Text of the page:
Keep straight ahead onto the smaller dirt/stone track into trees (leaving the main stone track which swings away to the left). As you reach a staggered T-junction, swing right and then left continuing on the footpath marked with the yellow arrow. Follow this for some distance, ignoring any options off left and right.

At the first major crossroads keep straight ahead and you will emerge to a T-junction with a tarmac track. Turn left along this and after just a few yards you will reach the next crossroads, the one you passed through earlier. Turn left here.

Crossroads Junction to Lake Beach
Crossroads Junction to Lake Beach

Start point: 51.3156 lat, -0.7942 long
End point: 51.3102 lat, -0.7905 long

Follow this tarmac lane. Keep straight ahead at the first crossroads and at the second crossroads turn right, staying on the main tarmac lane. Through the trees to the right you’ll have more glimpses of Hawley Lake. The path will lead you past a pretty small sandy beach-like slope into the lake on the right. Take a moment here to enjoy the views across the lake.

Hawley Lake and its surrounding area are used by the Royal Engineers for training. Lake training includes the use of amphibious vehicles and bridge building, whilst woodland training includes orienteering, map reading and fitness. The lake is also popular with fishermen and home to a civilian sail training centre which teaches dinghy sailing, power-boating and windsurfing. You will probably see lots of wildfowl that make the lake their home, including swans, geese and a range of duck breeds.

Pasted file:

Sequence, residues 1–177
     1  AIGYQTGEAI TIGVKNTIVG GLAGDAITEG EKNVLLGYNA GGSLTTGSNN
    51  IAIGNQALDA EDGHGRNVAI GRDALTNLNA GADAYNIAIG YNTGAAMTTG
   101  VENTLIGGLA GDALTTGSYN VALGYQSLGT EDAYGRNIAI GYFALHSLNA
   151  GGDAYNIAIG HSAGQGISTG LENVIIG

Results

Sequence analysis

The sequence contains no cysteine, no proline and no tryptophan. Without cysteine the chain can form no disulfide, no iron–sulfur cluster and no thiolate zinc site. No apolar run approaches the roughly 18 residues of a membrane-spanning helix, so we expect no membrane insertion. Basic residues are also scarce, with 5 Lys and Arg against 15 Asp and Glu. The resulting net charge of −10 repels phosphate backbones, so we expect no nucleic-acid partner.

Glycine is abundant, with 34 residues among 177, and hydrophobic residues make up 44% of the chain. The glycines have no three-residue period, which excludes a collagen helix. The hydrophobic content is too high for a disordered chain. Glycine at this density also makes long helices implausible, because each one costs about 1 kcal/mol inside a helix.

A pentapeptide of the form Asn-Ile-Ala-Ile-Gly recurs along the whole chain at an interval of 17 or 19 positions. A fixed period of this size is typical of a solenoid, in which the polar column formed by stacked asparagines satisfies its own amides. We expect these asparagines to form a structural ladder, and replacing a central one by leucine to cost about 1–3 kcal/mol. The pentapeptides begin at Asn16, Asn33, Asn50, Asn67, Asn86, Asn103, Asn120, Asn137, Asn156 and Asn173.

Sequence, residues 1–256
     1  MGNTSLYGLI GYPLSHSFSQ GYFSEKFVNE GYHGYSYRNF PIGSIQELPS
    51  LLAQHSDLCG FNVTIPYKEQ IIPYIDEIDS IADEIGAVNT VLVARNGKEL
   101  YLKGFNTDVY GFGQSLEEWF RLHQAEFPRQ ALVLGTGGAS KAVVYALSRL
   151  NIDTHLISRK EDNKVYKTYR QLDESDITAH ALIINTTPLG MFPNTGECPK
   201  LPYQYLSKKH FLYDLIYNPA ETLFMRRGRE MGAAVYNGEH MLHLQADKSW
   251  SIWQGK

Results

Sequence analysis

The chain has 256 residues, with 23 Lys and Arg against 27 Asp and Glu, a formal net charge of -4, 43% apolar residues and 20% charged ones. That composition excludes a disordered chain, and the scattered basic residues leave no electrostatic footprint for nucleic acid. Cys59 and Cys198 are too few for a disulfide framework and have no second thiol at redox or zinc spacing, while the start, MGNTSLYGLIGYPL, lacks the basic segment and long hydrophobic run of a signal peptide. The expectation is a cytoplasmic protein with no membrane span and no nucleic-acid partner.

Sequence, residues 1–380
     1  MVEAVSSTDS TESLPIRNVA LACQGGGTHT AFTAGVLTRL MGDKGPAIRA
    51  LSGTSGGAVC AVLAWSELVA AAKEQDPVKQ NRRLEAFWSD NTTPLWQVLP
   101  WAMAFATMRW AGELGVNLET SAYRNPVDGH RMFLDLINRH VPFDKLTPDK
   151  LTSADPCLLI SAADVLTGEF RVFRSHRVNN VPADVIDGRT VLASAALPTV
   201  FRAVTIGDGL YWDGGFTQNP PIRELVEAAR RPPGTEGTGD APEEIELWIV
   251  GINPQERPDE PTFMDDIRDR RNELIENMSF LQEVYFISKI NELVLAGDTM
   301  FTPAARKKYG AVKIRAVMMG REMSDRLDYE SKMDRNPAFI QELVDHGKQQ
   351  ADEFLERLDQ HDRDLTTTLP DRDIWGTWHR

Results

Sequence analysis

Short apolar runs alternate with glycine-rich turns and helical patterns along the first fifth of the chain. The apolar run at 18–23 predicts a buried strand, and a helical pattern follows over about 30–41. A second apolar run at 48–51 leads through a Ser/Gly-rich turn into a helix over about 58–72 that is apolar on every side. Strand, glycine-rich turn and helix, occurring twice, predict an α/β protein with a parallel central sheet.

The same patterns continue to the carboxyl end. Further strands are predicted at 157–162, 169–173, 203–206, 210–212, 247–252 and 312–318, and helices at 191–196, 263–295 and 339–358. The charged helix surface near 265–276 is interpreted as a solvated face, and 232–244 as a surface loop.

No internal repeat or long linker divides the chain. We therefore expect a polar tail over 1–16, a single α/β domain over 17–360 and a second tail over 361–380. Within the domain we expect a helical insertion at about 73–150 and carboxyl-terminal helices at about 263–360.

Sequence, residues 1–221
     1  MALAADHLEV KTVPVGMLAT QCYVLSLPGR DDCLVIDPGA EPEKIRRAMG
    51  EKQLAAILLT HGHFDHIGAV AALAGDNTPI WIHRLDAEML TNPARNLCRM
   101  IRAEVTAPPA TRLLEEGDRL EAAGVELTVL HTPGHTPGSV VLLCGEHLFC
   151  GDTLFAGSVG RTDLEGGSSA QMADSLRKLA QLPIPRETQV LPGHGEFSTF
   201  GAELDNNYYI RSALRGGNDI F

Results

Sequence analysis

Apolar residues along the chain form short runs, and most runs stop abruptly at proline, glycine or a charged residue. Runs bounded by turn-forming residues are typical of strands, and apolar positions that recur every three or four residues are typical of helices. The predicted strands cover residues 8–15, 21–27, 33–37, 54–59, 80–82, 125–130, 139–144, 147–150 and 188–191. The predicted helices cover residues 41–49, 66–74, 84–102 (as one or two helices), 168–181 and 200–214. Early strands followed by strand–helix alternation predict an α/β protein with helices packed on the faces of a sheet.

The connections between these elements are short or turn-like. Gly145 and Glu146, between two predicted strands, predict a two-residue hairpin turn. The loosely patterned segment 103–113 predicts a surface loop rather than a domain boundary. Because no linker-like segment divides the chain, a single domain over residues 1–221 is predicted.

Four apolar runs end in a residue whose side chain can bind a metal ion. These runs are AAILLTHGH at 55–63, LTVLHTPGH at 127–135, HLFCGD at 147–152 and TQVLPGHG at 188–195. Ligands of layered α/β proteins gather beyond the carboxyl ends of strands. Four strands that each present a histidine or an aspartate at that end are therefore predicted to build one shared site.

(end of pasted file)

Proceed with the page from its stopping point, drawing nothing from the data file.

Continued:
Lake Beach to End
Lake Beach to End

Start point: 51.3102 lat, -0.7905 long
End point: 51.3075 lat, -0.8041 long

Follow the lane as it swings right, crossing over the water outlet for the lake. Immediately afterwards, where the main lane swings left, fork right onto the stone track signed with a blue arrow. Follow this bridleway which winds along with the lake still visible on the right. You will pass through a long golden sandy section, with several fishing spots on the lake edge down to the right.

At the end of the sandy section, follow the path as it swings left and then right. Stay on this main path and further along it will swing left to reach a T-junction with a wider track. Turn right along this. Ignore the first stone track off to the left, and a smaller grass track also off to the left. A few yards later take the next (third) track off to the left (marked with a blue arrow). This is the track you followed into the woodland at the start of your walk.

Follow the track back out towards Minley Road. Immediately before the road, turn left along the tarmac path. Follow this for just a short distance and then turn right (past the barrier) and cross the road with care to reach the Crown and Cushion for some well-earned hospitality.

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Text and images for this walk are Copyright © 2014 by the author clairesharpuk and may not be reproduced without permission.

1 comments for "The Crown and Cushion and Hawley Common"

Did this walk this morning with my daughter. We found it a nice, easy walk.

By reescj on 14 Sep 2014

The information in this guide has been provided in good faith and is intended only as a guide, not a statement of fact. You are advised to check the accuracy of the information provided and should not use this guide for navigational directions nor should you rely on the accuracy of the weather forecast. You are advised to take appropriate clothing, footwear, equipment and navigational materials with you according to the current and possible weather and nature of the terrain. Always follow the country code and follow any additional warnings or instructions that may be available. Some walks may be very strenuous and you are advised to seek medical advice if you have any doubts as to your capability to complete the walk.